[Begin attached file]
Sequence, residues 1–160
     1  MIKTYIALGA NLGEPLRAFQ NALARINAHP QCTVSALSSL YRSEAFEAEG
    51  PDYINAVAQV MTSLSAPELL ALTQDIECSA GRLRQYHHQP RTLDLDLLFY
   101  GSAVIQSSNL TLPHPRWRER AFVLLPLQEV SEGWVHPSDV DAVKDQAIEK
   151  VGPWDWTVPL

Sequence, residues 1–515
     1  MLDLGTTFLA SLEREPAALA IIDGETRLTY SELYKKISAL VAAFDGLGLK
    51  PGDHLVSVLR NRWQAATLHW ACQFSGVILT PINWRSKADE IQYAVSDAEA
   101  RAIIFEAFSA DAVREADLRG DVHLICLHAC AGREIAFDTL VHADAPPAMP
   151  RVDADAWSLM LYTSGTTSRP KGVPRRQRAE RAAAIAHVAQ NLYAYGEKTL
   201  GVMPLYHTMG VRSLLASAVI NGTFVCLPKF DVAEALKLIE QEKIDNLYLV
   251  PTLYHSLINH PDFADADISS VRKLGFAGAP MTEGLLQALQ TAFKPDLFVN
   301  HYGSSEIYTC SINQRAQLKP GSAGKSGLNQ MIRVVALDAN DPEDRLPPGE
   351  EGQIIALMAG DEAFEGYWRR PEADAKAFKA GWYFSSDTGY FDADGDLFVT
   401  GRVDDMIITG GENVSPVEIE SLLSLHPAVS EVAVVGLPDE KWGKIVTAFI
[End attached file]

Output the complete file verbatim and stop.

Sequence, residues 1–160
     1  MIKTYIALGA NLGEPLRAFQ NALARINAHP QCTVSALSSL YRSEAFEAEG
    51  PDYINAVAQV MTSLSAPELL ALTQDIECSA GRLRQYHHQP RTLDLDLLFY
   101  GSAVIQSSNL TLPHPRWRER AFVLLPLQEV SEGWVHPSDV DAVKDQAIEK
   151  VGPWDWTVPL

Sequence, residues 1–515
     1  MLDLGTTFLA SLEREPAALA IIDGETRLTY SELYKKISAL VAAFDGLGLK
    51  PGDHLVSVLR NRWQAATLHW ACQFSGVILT PINWRSKADE IQYAVSDAEA
   101  RAIIFEAFSA DAVREADLRG DVHLICLHAC AGREIAFDTL VHADAPPAMP
   151  RVDADAWSLM LYTSGTTSRP KGVPRRQRAE RAAAIAHVAQ NLYAYGEKTL
   201  GVMPLYHTMG VRSLLASAVI NGTFVCLPKF DVAEALKLIE QEKIDNLYLV
   251  PTLYHSLINH PDFADADISS VRKLGFAGAP MTEGLLQALQ TAFKPDLFVN
   301  HYGSSEIYTC SINQRAQLKP GSAGKSGLNQ MIRVVALDAN DPEDRLPPGE
   351  EGQIIALMAG DEAFEGYWRR PEADAKAFKA GWYFSSDTGY FDADGDLFVT
   401  GRVDDMIITG GENVSPVEIE SLLSLHPAVS EVAVVGLPDE KWGKIVTAFI